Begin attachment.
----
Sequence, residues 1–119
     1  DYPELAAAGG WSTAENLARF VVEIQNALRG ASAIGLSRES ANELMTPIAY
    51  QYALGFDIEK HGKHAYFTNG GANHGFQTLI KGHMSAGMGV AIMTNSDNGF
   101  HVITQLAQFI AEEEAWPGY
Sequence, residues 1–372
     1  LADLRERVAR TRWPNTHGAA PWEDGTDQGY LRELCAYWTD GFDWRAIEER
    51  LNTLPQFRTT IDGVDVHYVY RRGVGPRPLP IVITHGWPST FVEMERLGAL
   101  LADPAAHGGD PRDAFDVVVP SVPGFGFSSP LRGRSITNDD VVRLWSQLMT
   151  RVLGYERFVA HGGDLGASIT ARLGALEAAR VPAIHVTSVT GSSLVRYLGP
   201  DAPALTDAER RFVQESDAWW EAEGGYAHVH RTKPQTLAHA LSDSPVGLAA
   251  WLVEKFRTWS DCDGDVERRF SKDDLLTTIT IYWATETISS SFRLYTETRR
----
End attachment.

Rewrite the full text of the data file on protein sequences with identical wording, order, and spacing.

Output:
Sequence, residues 1–119
     1  DYPELAAAGG WSTAENLARF VVEIQNALRG ASAIGLSRES ANELMTPIAY
    51  QYALGFDIEK HGKHAYFTNG GANHGFQTLI KGHMSAGMGV AIMTNSDNGF
   101  HVITQLAQFI AEEEAWPGY
Sequence, residues 1–372
     1  LADLRERVAR TRWPNTHGAA PWEDGTDQGY LRELCAYWTD GFDWRAIEER
    51  LNTLPQFRTT IDGVDVHYVY RRGVGPRPLP IVITHGWPST FVEMERLGAL
   101  LADPAAHGGD PRDAFDVVVP SVPGFGFSSP LRGRSITNDD VVRLWSQLMT
   151  RVLGYERFVA HGGDLGASIT ARLGALEAAR VPAIHVTSVT GSSLVRYLGP
   201  DAPALTDAER RFVQESDAWW EAEGGYAHVH RTKPQTLAHA LSDSPVGLAA
   251  WLVEKFRTWS DCDGDVERRF SKDDLLTTIT IYWATETISS SFRLYTETRR